ShareThis Page
Deals defended |

Deals defended

| Friday, September 17, 2010 12:00 a.m

To suggest in the editorial “Rendell’s gas leases: Public be damned” (Sept. 7 and that recent state forest land leases are anything but in Pennsylvanians’ best interest shows the Trib lacks an understanding of the facts and what these agreements mean for protecting our treasured public lands.

In May, Anadarko Inc. paid $4,000 per acre to lease 27,185 acres — the same average price Pennsylvania received in a competitive lease sale in January — plus $2,000 per acre for 5,711 other acres that are not as promising for production and probably would not have yielded as much if bid competitively.

A separate January agreement with Anadarko for land in Sproul State Forest generated $2.3 million at a price that was competitive at the time the deal was negotiated — nine months before it was finalized. The editorial’s claim that these agreements “cost taxpayers dearly” is pure speculation and not rooted in reality.

The bottom line is that because Anadarko held leases on adjacent tracts, these transactions made the most sense and limited the risks to our state forests. Instead of disturbing 1,000 acres, the May deal will affect fewer than 300 acres, which is in the best interests of the state’s citizens without question.

John Quigley


The writer is secretary of the Pennsylvania Department of Conservation and Natural Resources.

Categories: News
TribLIVE commenting policy

You are solely responsible for your comments and by using you agree to our Terms of Service.

We moderate comments. Our goal is to provide substantive commentary for a general readership. By screening submissions, we provide a space where readers can share intelligent and informed commentary that enhances the quality of our news and information.

While most comments will be posted if they are on-topic and not abusive, moderating decisions are subjective. We will make them as carefully and consistently as we can. Because of the volume of reader comments, we cannot review individual moderation decisions with readers.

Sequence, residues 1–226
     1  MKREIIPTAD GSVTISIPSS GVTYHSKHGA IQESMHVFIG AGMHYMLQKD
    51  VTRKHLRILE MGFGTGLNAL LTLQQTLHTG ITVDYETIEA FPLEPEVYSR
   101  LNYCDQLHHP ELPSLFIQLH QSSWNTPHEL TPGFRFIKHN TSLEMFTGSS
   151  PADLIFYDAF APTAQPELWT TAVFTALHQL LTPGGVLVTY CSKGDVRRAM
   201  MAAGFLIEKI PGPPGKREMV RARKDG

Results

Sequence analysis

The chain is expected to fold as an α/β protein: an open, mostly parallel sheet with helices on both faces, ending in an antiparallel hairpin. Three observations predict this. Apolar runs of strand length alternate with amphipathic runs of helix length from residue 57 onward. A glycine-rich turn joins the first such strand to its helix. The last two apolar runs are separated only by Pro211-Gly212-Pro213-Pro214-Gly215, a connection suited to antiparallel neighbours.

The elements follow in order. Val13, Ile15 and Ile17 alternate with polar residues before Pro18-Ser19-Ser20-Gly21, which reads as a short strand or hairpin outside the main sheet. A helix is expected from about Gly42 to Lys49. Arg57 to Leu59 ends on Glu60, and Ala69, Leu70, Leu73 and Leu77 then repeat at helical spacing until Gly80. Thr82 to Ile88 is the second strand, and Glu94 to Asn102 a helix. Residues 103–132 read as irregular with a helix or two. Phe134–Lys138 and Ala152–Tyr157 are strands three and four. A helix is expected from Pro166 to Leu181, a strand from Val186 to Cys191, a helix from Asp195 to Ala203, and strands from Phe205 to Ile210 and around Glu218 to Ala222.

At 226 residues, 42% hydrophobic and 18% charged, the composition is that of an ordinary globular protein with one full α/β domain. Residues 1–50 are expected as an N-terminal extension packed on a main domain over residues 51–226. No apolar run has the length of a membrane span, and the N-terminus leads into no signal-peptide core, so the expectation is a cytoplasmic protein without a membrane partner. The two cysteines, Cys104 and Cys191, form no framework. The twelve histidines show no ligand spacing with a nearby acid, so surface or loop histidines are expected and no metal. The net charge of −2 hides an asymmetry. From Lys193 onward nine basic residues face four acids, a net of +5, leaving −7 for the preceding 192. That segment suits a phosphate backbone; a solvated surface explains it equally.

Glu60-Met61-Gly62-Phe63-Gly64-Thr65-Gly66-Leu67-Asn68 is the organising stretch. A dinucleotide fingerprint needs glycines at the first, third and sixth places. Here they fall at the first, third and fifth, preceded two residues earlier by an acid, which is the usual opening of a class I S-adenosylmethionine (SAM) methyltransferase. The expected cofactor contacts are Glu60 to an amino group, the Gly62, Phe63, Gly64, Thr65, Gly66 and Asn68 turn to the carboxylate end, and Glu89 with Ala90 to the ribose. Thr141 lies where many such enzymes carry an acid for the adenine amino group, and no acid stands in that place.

We value thoughtful comments representing a range of views that make their point quickly and politely. We make an effort to protect discussions from repeated comments either by the same reader or different readers

We follow the same standards for taste as the daily newspaper. A few things we won't tolerate: personal attacks, obscenity, vulgarity, profanity (including expletives and letters followed by dashes), commercial promotion, impersonations, incoherence, proselytizing and SHOUTING. Don't include URLs to Web sites.

We do not edit comments. They are either approved or deleted. We reserve the right to edit a comment that is quoted or excerpted in an article. In this case, we may fix spelling and punctuation.

We welcome strong opinions and criticism of our work, but we don't want comments to become bogged down with discussions of our policies and we will moderate accordingly.

We appreciate it when readers and people quoted in articles or blog posts point out errors of fact or emphasis and will investigate all assertions. But these suggestions should be sent via e-mail. To avoid distracting other readers, we won't publish comments that suggest a correction. Instead, corrections will be made in a blog post or in an article.